T-SQL Tuesday #111 Roundup

Thank You!

First, we owe a debt of gratitude to my friend Adam Machanic (blog | @adammachanic | Data Education) for starting T-SQL Tuesday in the first place. Thank you, Adam! Next, we owe a huge shout-out to Steve Jones (blog | @way0utwest | SQL Server Central) for carrying the torch by maintaining tsqltuesday.com. Finally, thank you to everyone who takes the time to author a post on their blog the second Tuesday of each month.

T-SQL Tuesday #111

The T-SQL Tuesday question this month: Why do you do what you do? I was honored to be asked by Steve Jones to serve as host. Thanks, Steve!

Although I should not be, I am surprised by the response. We are part of an awesome and enduring Community. There were 35 responses to this month’s T-SQL Tuesday! 

Some Stats

35 responses.
3 first-timers (welcome!).
3 female, 32 male.
The first reply was from Greg Dodd.
The last reply was from Chris LaGreca.

Every. Single. Post. deserves a read. Our community is filled with passionate writers. Enjoy!

To The Posts!

Hugo Kornelis built and maintains the Execution Plan Reference because it’s not there. (You are welcome for the ear worm, good sir…). Doug Purnell enjoys helping and sharing with others, and he is also looking to cook more and spend more time on photography.  Chris Voss is candid about being on the autism spectrum and volunteering with Autism Society of North Carolina. He enjoys working in healthcare because “it’s an industry where the concern is the betterment of other humans’ lives.” Steve Jones enjoys having the time to give back by speaking, writing, and teaching; helping others in both paying it forward and paying it back. Eugene Meidinger leaves me hanging regarding ex-girlfriends in the section titled “Brothers and ex-girlfriends,” and waxes philosophical with “why not becomes much more of a why.”

Three individuals indicated this was their first time participating in T-SQL Tuesday – welcome! They were Greg Dodd, a fellow former VB coder whose “why” is that he enjoys solving problems; Jason Howie, a friend of Allen White who shares Allens’ interests in music whose “why” is seeking an ensemble into which he can fit; and Michał Poręba, whom no one is paying to be a cave diver. Welcome to T-SQL Tuesday! We have cake (not really).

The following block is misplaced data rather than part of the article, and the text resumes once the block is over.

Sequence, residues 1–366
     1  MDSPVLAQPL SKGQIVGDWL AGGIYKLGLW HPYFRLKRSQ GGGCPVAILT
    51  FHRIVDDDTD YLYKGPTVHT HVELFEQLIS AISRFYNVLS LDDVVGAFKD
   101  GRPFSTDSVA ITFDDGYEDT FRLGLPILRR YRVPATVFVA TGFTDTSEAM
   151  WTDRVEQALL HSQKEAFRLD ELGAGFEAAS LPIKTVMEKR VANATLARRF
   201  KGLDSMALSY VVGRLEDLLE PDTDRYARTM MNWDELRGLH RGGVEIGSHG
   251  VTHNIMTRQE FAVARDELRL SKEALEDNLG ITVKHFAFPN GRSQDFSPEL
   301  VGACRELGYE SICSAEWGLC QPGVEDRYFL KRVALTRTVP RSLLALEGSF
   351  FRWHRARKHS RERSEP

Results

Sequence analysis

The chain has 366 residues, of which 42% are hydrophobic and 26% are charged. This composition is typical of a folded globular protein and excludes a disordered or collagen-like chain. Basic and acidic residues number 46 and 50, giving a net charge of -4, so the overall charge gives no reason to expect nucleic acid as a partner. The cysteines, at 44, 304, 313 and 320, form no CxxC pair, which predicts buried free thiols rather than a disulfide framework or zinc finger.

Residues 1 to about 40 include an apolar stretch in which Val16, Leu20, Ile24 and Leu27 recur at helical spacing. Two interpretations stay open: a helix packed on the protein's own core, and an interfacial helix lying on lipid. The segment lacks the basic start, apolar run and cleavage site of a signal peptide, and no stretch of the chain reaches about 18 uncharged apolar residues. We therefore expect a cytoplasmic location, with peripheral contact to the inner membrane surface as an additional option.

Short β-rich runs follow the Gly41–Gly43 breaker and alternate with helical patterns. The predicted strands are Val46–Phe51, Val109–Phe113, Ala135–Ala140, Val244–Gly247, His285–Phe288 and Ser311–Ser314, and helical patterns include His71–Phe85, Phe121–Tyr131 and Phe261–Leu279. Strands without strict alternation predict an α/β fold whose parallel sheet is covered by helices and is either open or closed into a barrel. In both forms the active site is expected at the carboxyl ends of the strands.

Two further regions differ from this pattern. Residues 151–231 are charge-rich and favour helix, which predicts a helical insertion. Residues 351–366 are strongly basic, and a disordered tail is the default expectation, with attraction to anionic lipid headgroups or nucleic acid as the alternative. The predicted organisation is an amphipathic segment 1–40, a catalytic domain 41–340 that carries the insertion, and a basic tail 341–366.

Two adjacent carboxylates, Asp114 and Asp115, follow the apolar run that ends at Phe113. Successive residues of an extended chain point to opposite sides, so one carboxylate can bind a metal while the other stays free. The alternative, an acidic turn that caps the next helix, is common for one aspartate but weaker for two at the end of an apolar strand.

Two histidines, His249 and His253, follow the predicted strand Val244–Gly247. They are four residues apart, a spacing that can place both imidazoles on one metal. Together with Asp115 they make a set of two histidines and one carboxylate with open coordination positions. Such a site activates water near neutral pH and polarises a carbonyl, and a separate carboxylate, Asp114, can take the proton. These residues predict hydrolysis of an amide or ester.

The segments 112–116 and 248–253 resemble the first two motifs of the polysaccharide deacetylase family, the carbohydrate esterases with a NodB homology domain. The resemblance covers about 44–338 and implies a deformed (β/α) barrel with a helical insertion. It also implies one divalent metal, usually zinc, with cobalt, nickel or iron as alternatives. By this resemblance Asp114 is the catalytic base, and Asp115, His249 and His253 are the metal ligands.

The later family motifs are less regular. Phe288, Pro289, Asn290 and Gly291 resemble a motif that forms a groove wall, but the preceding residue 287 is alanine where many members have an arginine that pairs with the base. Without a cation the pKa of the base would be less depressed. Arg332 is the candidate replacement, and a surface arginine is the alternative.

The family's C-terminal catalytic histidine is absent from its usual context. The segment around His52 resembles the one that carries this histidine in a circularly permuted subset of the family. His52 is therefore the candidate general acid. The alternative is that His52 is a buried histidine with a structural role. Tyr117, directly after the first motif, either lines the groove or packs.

Lisa Bohn likes making a positive difference while working for someone she respects. Cathrine Wilhelmsen just so happened to become a Business Intelligence consultant. She loves using all her skills, helping people, and giving back to our community. Because I continue to learn from Cathrine, I am grateful. Glenda Gable likes helping others while settling into a career she really loves.

Andy Yun is a giver who enjoys helping others. Jason Brimhall‘s “why’s” are challenges posed by SQL Server performance issues and his passions for solving technical challenges, learning, speaking, and writing. Wayne Sheffield says he likes efficiency and is lazy, which drives him to automate as much as possible. James McGillivray garners a sense of purpose from a job that allows him to be creative, logical, extroverted, and inquisitive, all at the same time. Jess Pomfret started her blog with a T-SQL Tuesday post. She loves a good challenge and desires to keep learning and growing.

Chris LeGreca loves technology, challenges, the creative process, and data – but deep down he’s a nerd who does this for fun. Rob Farley believes better data facilitates better decisions and strives to make his customer’s best a little better. Kevin Chant enjoys learning, SQL Server Community volunteering, answering #sqlhelp questions, and serving charities.

For Allen White, it’s really all about you and helping you get more out of SQL Server. Bert Wagner was bored a couple years ago but now enjoys helping subscribers learn more about SQL Server each TuesdayTodd Kleinhans‘ “why” is his love for others inspired by Christian faith. Arthur Daniels enjoys working with a great team, making the database better, and the challenge of solving new problems. 

Rich Brenner loves SQL Server and the community that surrounds it. Drew Skwiers-Koballa‘s “why” is “the positive impact I can have on the company I work for, the careers of my teammates, and others in the technology communities.” Matthew McGiffen is motivated by his belief that there’s always a better way. Kenneth Fisher provides for his family but, in the end, loves what he does and enjoys several aspects of his career.

T-SQL Tuesday #111 – What is Your “Why?”

I enjoy math. I noticed a pattern learning math, perhaps you experienced something similar. I found arithmetic an exercise in memory. I have a good memory (well, I had a good memory…) so memorizing a bunch of rules was no big deal. 

When I learned algebra, arithmetic made more sense. In addition to the memorized rules, I saw why the rules existed. I understood the rules better as a result.

This pattern held all through my math education. I understood algebra better once I learned geometry. I understood geometry better once I learned trigonometry. I understood trigonometry better once I learned single-variable calculus.

An Axiom (for me)

I notice a similar pattern applies to my career (or careers, as the case may be). I’ve served in many roles: 

  • Farm laborer
  • Musician
  • Stockyard laborer